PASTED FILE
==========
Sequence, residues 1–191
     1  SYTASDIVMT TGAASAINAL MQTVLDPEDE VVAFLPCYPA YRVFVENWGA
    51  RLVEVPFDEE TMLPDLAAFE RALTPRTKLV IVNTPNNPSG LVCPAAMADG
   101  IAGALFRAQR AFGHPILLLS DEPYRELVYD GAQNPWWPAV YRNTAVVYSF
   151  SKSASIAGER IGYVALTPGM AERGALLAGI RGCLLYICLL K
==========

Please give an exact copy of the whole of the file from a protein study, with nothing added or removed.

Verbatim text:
Sequence, residues 1–191
     1  SYTASDIVMT TGAASAINAL MQTVLDPEDE VVAFLPCYPA YRVFVENWGA
    51  RLVEVPFDEE TMLPDLAAFE RALTPRTKLV IVNTPNNPSG LVCPAAMADG
   101  IAGALFRAQR AFGHPILLLS DEPYRELVYD GAQNPWWPAV YRNTAVVYSF
   151  SKSASIAGER IGYVALTPGM AERGALLAGI RGCLLYICLL K